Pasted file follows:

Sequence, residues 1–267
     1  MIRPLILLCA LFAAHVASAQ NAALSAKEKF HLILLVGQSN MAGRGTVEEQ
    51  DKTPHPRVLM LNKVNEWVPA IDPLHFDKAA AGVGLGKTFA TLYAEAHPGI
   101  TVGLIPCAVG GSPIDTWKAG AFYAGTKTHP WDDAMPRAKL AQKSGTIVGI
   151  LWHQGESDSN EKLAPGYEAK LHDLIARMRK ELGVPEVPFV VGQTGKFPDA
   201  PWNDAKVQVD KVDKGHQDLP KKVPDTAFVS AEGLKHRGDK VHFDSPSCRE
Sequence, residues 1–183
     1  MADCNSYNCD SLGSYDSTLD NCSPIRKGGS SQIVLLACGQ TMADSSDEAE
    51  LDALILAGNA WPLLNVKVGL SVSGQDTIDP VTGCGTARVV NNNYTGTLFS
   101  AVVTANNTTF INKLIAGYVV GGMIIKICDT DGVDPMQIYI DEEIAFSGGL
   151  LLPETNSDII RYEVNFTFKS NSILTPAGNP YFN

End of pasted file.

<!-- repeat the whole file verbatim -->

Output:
Sequence, residues 1–267
     1  MIRPLILLCA LFAAHVASAQ NAALSAKEKF HLILLVGQSN MAGRGTVEEQ
    51  DKTPHPRVLM LNKVNEWVPA IDPLHFDKAA AGVGLGKTFA TLYAEAHPGI
   101  TVGLIPCAVG GSPIDTWKAG AFYAGTKTHP WDDAMPRAKL AQKSGTIVGI
   151  LWHQGESDSN EKLAPGYEAK LHDLIARMRK ELGVPEVPFV VGQTGKFPDA
   201  PWNDAKVQVD KVDKGHQDLP KKVPDTAFVS AEGLKHRGDK VHFDSPSCRE
Sequence, residues 1–183
     1  MADCNSYNCD SLGSYDSTLD NCSPIRKGGS SQIVLLACGQ TMADSSDEAE
    51  LDALILAGNA WPLLNVKVGL SVSGQDTIDP VTGCGTARVV NNNYTGTLFS
   101  AVVTANNTTF INKLIAGYVV GGMIIKICDT DGVDPMQIYI DEEIAFSGGL
   151  LLPETNSDII RYEVNFTFKS NSILTPAGNP YFN